• Without full participation by all states, lost benefits could disproportionately befall Black residents. If all states participate, new federal funding for community colleges would equate to slightly more funding per Black resident than per White resident,11 due to more federal funding flowing to states with disproportionate shares of Black residents. But this would change if some states opt out. For example, if the same twelve states that have rejected Medicaid expansion under the Affordable Care Act—which are largely located in the Sun Belt—choose not to join ACP, federal funding per Black resident nationwide would then be less than the new federal funding per White resident.12 Moreover, if these twelve states do not participate in ACP, their rejection of new funds would have an outsized impact along racial lines among enrolled students: new federal funding per Black community college student nationwide would be 46.2 percent lower if these twelve states do not participate in ACP as compared to if they did. (See Table 2.)

    It is difficult to predict whether state legislators and governors will opt in or out of ACP in the same way they did for Medicaid expansion, but Congress should consider an option for covering a higher share of costs in states such as these to incentivize participation. Making the federal match proportional to a state’s child poverty rate, for example, would give Sun Belt states federal matches that are one-third higher on average than the rest of the nation.13

For all the nuances of this complex legislation, these findings tell a straightforward story. ACP would spur a dramatic increase in investment in some of the nation’s most underserved institutions and populations; however, nonparticipation among states for reasons fiscal or otherwise would threaten the potential of ACP to help bring down educational barriers by race and class.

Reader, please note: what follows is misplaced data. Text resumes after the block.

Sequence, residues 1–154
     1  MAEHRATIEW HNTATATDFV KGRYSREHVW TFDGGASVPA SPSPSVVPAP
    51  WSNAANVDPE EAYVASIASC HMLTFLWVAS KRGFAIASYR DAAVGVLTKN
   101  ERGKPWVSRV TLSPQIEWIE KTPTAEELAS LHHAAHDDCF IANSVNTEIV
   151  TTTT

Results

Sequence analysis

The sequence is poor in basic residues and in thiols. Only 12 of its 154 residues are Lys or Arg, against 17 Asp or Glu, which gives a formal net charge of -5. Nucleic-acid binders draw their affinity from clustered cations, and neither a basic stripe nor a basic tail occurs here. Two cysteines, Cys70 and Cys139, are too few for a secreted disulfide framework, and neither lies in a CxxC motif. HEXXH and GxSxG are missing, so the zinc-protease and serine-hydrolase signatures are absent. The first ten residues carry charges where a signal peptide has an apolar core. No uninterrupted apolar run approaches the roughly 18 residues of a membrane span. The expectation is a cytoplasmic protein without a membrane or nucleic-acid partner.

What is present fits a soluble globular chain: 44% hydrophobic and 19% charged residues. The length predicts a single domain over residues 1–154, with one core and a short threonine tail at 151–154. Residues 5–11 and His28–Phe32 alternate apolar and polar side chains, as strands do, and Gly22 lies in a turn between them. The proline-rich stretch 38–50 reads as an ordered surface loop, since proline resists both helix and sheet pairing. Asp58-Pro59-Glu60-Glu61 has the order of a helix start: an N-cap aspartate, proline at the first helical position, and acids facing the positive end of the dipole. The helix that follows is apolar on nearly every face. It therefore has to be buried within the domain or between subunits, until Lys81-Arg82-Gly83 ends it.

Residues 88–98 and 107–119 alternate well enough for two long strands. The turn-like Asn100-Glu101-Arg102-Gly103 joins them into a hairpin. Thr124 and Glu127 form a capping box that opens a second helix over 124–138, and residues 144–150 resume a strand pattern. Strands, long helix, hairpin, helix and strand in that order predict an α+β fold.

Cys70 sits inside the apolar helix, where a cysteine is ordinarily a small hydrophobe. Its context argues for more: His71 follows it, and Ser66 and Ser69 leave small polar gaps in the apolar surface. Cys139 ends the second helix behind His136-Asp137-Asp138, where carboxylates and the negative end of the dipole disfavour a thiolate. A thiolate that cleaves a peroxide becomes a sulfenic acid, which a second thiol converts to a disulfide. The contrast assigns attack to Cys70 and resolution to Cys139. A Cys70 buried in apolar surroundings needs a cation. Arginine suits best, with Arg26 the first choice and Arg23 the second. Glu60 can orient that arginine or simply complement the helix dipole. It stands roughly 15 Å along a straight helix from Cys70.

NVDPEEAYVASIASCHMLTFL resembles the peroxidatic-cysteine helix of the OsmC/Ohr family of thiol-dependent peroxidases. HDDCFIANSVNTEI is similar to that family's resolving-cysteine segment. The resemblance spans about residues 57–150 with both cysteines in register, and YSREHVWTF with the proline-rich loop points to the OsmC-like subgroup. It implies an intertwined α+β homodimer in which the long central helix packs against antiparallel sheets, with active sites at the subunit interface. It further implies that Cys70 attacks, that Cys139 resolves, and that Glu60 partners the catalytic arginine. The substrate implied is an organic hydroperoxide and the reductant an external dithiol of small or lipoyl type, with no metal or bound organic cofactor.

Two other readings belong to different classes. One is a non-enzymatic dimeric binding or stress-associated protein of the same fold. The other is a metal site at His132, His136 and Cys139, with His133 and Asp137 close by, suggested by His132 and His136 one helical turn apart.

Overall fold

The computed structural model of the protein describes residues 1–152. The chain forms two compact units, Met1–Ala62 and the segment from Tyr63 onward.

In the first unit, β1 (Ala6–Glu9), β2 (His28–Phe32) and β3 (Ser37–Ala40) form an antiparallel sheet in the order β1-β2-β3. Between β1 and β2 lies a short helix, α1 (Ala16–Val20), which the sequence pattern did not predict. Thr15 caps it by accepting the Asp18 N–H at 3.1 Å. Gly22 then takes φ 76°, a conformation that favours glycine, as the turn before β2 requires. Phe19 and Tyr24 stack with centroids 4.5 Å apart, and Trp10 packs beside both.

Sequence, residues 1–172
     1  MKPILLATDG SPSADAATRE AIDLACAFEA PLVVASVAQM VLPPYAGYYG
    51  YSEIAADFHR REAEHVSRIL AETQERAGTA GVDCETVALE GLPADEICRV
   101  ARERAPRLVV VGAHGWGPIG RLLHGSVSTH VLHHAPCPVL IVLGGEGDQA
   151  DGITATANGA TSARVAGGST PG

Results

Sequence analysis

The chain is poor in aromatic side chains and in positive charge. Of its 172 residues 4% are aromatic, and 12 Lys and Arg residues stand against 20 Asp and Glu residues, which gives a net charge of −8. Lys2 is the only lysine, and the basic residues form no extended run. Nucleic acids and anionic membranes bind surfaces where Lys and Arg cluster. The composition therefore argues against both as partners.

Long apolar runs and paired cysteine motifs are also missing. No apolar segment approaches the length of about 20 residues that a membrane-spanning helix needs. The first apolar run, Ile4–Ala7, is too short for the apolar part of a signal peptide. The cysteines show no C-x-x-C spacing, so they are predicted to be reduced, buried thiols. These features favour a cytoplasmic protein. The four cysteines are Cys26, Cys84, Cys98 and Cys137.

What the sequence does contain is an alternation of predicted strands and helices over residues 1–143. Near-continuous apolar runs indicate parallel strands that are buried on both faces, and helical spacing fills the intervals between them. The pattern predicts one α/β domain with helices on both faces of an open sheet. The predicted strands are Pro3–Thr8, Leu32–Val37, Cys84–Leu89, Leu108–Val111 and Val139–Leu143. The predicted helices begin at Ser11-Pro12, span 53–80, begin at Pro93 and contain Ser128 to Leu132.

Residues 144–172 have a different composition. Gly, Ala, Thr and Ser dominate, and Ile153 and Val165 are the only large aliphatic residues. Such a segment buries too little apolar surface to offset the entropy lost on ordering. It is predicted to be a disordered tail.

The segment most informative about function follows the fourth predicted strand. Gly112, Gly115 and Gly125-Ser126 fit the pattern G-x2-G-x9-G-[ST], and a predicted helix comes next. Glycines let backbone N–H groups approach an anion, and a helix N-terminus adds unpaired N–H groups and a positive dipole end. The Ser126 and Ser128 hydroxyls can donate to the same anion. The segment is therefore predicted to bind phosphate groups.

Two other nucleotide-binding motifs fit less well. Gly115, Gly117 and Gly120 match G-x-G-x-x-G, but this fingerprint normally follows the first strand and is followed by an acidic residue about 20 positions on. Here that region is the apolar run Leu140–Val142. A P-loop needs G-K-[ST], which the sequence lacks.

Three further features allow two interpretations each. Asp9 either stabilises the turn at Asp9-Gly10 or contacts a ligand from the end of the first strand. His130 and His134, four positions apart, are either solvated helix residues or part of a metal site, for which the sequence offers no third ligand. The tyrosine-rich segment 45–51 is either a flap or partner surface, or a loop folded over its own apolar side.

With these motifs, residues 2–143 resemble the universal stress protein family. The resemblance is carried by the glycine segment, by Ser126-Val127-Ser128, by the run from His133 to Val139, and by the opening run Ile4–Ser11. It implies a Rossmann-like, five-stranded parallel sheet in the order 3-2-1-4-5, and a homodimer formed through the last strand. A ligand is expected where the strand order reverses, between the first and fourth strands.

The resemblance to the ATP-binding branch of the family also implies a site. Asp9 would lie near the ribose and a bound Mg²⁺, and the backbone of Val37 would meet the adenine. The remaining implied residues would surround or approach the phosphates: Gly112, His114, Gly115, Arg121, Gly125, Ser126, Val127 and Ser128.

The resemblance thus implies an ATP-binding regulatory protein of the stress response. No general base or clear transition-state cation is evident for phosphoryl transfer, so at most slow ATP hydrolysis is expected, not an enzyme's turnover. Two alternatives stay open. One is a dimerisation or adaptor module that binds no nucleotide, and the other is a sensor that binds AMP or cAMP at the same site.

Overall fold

Policy Recommendations

To increase the likelihood that states would participate in ACP and help advance lasting improvements to American higher education, Congress should take the following steps.

  • Target more federal funds to poorer states using a variable match rate formula. If ACP is to fulfill its mission of providing an upward ladder for underserved groups, then it needs states to participate, especially those that historically have had the fewest resources. These same states, particularly those in the Sun Belt, are home to an outsized share of Black, Latinx, and low-income Americans. While Congress has shown a commitment to states by starting the federal share of baseline ACP costs at 100 percent, poorer states may be wary of the declining federal share (80 percent in FY 2028) and the requirement to maintain higher education funding at current levels. By defining the federal match rate as a function of state wealth through a simple formula, Congress would increase the incentive for lower-resourced states to participate. An example of this formula using states’ child poverty rates is provided below.14This formula may also help diminish the potential critique that ACP needlessly sends money to wealthy states that have already enacted a form of tuition-free community college by making the biggest beneficiaries of the partnership lower-wealth states where net community college tuition remains high. (See Map 2 and Table 2 for the potential impact of such a formula.)

Five State’s Federal Funding for Community College Using an ACP Formula Based on Child Poverty Rate
State State child poverty rate National child poverty rate Adjustment to federal share Federal funds per FTE
West Virginia 23.8% 18.5% ↑ 28.6% $5,761